Since moving in, the Lams have organised playdates at their house, in addition to offering to babysit for their friends. But both were still stumped by some of the scenarios that were posed to them during the second interview.

That particular interview troubled Madeline too.

“I think I woke up at least four to five times that night to pray. All these questions that they asked, I told God, ‘I don’t know if I can do this. But if this is your will, please help us,'” she said.

“There was no audible voice, but the next morning I felt peaceful.” 

It was a similar experience for Joey, who also brought his fears to God in prayer and felt a sense of peace a few days later.

Pressing on with their application, they went through a third round of interview, received training, and prepared their home by installing window grilles and restrictors on their top-hung windows to meet the requirements of a foster home.

After almost six months, Joey and Madeline were approved as foster parents in October.

Creating a safe place

This season leading up to Christmas is a special one to the couple – for just as Christians make room in their hearts to welcome the Christ child, the Lams have also made space in their lives to welcome children into their home.

So far, they have provided respite care for three children under foster care. Respite care refers to care given for brief periods of time when foster parents are unable to care for their foster child.

Despite having to learn how to look after a baby, the couple found it relatively easy to care for their second foster child who stayed with them for two weeks. 

Although their first fostering experience proved to be trying right off the bat, this did not discourage them from saying yes to the subsequent requests. 

“Imagine being an 11-year-old girl who just appeared at some stranger’s house to stay overnight. Evelyn* was an emergency placement with us due to placement breakdown,” said Madeline.

Placement breakdown is when the foster family can no longer manage the foster child.

“The placement broke down around 7pm, we received the call (from the Foster Care Officer) at 10pm, and she arrived at 12am,” added Joey.

It was hardly surprising then that Evelyn had trouble sleeping that day. 

“Madeline and I decided to chat with her about her fears and her happy memories,” said Joey. “We also redirected her focus back to what would be happening today and stayed with her until she really slept, with the lights on.” 

The next few days would continue to be difficult, as they faced challenges with daily tasks such as having to coax Evelyn to shower, reminding her to use her words instead of raising her voice to request for help, and dealing with emotional meltdowns.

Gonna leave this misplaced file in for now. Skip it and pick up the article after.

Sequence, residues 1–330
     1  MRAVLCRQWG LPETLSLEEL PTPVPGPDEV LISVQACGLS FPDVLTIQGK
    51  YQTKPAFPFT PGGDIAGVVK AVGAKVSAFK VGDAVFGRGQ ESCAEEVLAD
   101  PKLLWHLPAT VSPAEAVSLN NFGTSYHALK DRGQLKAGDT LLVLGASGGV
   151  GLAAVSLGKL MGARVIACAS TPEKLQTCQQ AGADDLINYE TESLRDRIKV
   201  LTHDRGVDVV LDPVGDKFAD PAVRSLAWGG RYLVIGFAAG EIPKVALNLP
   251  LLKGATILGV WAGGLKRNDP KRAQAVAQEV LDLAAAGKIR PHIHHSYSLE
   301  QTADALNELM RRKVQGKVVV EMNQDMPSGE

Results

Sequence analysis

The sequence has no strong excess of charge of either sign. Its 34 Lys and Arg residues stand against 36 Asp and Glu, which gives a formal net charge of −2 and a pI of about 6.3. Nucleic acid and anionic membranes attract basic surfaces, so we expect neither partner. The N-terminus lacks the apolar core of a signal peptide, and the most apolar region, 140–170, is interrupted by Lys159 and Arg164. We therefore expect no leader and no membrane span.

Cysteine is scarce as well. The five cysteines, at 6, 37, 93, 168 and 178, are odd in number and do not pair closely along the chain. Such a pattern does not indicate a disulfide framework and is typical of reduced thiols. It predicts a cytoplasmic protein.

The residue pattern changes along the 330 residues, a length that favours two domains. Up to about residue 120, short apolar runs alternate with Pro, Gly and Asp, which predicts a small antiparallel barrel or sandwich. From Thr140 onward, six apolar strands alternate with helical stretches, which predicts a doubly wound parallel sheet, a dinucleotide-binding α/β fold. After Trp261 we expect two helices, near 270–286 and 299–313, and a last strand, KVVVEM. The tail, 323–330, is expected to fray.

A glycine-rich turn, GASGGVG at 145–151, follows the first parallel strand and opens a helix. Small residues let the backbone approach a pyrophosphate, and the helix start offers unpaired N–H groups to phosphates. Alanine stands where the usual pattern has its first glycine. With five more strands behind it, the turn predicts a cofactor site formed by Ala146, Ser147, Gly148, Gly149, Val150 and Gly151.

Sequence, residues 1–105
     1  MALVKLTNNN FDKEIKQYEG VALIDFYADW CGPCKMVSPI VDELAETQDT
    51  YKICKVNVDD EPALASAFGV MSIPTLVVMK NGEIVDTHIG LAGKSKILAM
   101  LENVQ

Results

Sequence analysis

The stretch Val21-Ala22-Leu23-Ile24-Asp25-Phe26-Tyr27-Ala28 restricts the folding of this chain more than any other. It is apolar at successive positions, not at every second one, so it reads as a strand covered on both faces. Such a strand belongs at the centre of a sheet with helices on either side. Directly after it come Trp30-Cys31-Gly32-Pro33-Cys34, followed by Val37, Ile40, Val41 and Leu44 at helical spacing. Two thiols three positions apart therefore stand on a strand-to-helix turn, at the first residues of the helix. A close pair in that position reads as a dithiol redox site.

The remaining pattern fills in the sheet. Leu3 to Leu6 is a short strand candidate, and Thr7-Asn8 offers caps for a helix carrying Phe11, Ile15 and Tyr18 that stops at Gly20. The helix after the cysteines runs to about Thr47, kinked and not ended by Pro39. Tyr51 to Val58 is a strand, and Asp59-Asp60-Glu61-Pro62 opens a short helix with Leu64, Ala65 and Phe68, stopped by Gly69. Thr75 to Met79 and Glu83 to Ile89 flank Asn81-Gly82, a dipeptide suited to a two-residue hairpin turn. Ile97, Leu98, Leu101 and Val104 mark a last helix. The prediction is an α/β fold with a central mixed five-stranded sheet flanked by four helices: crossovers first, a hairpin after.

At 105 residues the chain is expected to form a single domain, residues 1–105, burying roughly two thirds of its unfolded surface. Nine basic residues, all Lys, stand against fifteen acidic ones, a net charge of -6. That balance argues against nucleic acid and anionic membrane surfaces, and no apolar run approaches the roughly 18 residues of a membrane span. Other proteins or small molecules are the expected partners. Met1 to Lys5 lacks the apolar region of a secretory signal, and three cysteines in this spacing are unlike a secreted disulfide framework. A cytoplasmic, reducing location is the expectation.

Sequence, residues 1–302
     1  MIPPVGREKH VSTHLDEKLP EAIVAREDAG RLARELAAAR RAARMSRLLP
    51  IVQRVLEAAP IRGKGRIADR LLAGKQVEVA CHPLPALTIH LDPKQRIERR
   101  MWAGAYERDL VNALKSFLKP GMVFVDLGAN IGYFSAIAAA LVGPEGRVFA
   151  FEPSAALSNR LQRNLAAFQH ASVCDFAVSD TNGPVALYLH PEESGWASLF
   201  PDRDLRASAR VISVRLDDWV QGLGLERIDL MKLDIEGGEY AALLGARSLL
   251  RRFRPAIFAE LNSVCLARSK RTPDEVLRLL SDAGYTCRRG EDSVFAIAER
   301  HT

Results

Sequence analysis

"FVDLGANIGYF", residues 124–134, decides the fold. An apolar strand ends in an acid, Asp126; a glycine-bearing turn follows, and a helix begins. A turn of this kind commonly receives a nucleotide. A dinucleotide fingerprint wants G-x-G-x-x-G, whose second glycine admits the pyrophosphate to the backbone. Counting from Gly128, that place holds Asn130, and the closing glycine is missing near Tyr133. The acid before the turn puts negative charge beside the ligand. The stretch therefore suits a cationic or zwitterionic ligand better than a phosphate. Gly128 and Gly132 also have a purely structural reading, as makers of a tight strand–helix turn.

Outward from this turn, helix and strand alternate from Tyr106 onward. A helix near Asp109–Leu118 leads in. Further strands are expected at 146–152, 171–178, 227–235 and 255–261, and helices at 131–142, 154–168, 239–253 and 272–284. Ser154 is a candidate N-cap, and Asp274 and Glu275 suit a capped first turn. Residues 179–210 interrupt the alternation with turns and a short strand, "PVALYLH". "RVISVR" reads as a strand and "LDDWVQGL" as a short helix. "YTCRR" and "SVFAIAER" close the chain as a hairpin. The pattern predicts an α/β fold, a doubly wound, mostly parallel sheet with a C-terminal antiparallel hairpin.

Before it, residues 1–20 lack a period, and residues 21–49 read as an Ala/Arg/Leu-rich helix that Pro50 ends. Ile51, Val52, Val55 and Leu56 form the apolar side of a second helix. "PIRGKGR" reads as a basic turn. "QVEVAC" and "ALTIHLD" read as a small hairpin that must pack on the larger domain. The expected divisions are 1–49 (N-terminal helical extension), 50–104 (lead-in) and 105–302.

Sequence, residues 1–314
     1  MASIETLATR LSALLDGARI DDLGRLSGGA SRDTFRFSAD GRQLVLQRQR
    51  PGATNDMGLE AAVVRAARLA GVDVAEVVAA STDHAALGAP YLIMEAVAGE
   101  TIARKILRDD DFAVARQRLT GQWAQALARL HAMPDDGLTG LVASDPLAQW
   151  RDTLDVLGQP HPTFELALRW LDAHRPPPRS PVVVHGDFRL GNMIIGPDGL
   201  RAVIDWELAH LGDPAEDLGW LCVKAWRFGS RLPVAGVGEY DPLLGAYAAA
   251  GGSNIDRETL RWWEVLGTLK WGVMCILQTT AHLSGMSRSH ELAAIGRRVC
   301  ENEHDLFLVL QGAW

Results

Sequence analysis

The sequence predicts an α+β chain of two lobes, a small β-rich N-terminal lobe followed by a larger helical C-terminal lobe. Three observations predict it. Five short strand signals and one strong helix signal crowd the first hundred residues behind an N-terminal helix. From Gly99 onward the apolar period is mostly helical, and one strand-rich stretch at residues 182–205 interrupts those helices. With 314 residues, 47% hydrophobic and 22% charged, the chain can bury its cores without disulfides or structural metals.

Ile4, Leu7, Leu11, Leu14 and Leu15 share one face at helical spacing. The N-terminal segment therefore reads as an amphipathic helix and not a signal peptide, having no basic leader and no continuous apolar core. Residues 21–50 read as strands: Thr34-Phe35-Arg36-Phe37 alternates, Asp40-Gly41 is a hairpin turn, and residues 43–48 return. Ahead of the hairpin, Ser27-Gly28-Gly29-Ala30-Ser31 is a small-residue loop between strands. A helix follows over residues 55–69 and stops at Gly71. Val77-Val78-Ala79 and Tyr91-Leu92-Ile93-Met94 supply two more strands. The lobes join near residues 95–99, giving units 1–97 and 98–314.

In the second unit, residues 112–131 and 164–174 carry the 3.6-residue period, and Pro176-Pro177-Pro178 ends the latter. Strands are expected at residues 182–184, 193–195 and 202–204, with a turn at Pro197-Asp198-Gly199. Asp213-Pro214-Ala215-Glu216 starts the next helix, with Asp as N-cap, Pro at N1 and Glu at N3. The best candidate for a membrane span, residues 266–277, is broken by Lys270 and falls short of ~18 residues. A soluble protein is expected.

And yet, despite the tough week, Joey said: “I walked away filled with hope that maybe for the first time in a very long time, we managed to model that adults do not need to lose their temper and shout at her, yet there are still boundaries to stick to and are present in her life.”

During Evelyn’s short stay with then, the couple also spotted some mental health concerns, which they have raised to her Foster Care Officer. Their hope is that with further assessment, the right help can be given.

The couple credits their training as therapists for equipping them with the skills to care for their first foster child, but also highlighted that what they had gone through with Evelyn was not a typical fostering experience.

“Their smile is the most rewarding part of the whole foster experience.”

In comparison, their second foster child was an “easy baby”, Joey pointed out.

In the two weeks that Joy* was with them, they achieved many milestones such as learning how to shower a baby, change diapers, dress and feed, as well as discerning what the different types of crying mean.

“It was amazing seeing how much she grew just even in two weeks,” shared Joey. “A baby may not consciously remember the events, but the baby’s body definitely does. The beauty of fostering is that these children are loved and cared for.”

“We hope Joy’s time with Dwelling Place was a memorable one for her,” said Joey, referring to the name they have chosen for their home – a reflection of their common desire to offer a place of shelter and refuge for others.

“We hope that she grew well here, had tons of fun, and interacted with many safe adults who met her needs and gave her plenty of hugs.”

Little moments of connection with their foster children. Here, Madeline is heading out with their two-year-old.

Adding on, Madeline said that among the many joys they have experienced in their fostering journey, “the best part is always seeing a child smile”.